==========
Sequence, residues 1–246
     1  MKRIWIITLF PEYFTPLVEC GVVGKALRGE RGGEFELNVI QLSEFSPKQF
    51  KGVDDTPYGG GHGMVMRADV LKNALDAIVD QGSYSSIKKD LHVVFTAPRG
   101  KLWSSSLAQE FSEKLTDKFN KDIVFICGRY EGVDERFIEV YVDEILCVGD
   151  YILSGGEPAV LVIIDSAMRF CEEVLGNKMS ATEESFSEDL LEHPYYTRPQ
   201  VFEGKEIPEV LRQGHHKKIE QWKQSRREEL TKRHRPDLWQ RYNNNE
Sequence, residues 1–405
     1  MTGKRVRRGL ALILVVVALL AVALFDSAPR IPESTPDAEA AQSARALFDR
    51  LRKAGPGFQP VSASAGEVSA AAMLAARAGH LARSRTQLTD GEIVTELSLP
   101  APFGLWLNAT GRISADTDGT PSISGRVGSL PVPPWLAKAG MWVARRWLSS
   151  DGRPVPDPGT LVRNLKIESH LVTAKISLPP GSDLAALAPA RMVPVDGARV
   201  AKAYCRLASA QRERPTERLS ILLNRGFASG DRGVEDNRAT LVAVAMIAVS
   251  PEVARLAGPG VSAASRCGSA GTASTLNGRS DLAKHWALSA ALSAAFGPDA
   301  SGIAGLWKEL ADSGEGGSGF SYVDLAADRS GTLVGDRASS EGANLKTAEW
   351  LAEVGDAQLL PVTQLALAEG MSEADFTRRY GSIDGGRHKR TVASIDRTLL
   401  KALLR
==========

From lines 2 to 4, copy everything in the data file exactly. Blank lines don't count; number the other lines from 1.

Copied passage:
     1  MKRIWIITLF PEYFTPLVEC GVVGKALRGE RGGEFELNVI QLSEFSPKQF
    51  KGVDDTPYGG GHGMVMRADV LKNALDAIVD QGSYSSIKKD LHVVFTAPRG
   101  KLWSSSLAQE FSEKLTDKFN KDIVFICGRY EGVDERFIEV YVDEILCVGD